Yet again we are confronted with the horror of terrorism. The recent attacks in Paris are sadly another example of similar events throughout the world. Let’s not forget Lebanon is also mourning it’s dead. Unfortunately there will be more like this to come…
To feel compassion and sorrow for the victims of the Paris and Lebanon attacks should be our first and foremost response. Other feelings will follow. Anger at the perpetrators, resentment towards those we deem responsible for the broader situation. No doubt we will tell ourselves stories about why we think it is all unfolding this way.
The buddha said that when we speak or act with hatred it is like picking up a hot coal and hurling it at our target. We burn ourselves in the process. No good can come of using our anger for destructive purposes. Anger can be positive and it is better we use it’s energy to clarify our intentions and bolster our efforts to create peace and harmony.
And yet we will inevitably ask ourselves; why must humans behave this way? What drives such violent behavior?
As a way of answering these questions the buddha spoke of how all things arise. In the Maha-nidana Sutta he said to his fellow bhikksus –
‘This is, because that is.
This is not, because that is not.
This ceases to be, because that ceases to be.’
There is nothing particularly dramatic in this teaching and yet it serves to underline not just our own interdependence, but the interdependence of all events and all things. Nothing happens and no thing exists without a prior supporting cause and each event or objects that exist now will create the events and objects of the future. We cannot step outside this closed system. We are all part of what is happening.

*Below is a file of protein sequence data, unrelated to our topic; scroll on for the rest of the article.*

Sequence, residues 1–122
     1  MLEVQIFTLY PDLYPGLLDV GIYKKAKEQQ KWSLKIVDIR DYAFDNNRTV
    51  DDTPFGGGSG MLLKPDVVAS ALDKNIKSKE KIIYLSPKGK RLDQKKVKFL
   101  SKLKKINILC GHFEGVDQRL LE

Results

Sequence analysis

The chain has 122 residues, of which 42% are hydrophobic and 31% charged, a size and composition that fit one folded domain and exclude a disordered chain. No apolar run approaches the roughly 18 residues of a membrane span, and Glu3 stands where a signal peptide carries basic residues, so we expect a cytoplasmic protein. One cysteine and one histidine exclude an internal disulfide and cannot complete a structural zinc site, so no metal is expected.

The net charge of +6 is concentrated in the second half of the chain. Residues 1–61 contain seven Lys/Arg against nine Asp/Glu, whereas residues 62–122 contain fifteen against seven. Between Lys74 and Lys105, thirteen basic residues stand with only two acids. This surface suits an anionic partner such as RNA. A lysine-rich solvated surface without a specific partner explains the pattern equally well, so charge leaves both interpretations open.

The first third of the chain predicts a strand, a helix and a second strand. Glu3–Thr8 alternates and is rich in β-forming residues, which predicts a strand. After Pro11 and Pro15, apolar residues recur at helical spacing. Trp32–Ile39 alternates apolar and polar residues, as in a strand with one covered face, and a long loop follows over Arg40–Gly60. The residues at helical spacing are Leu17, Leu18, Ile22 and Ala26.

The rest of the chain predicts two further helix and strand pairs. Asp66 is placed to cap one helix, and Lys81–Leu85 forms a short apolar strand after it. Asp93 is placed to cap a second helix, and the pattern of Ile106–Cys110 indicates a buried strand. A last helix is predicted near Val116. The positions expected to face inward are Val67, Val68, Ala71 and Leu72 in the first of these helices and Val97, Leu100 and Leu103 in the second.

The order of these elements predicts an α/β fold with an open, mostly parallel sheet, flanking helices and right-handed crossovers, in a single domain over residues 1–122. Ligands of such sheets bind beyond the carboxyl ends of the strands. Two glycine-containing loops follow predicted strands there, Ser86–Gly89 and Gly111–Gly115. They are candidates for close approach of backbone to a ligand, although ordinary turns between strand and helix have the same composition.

If we can truly see all of humanity as connected and interdependent we can try to look at global issues that take into account all of our collective needs. There may be many causes for the turmoil in the middle east yet we need to look clearly at the roots of what fosters a movement that targets innocent people walking on the streets of their cities. We also need to look at the roots of the exploitation of people who have, for centuries, been colonised and oppressed. By seeing each side as closed systems – the good guys or the bad guys, dark and light…we will fail.
We also need to be honest about the fact that the origins of the violence we see in Paris and Beirut come about through ideologies that support oppression, whether through rapacious capitalism or theocratic fascism. As Voltaire said, “Those who can make you believe absurdities, can make you commit atrocities.” We need to call out bad ideas where we see them, otherwise there is no hope of things changing. Courage is needed to stand in the middle and speak out against the deathly sociopathic views of both extremes.
With the realisation that the roots of violence and suffering lie in hatred, ignorance, and greed we must start with the intention to foster the opposite love, clarity and generosity. If we can choose to live our lives this way and realise our connection to all things we can begin to rid the world of some of its greatest problems.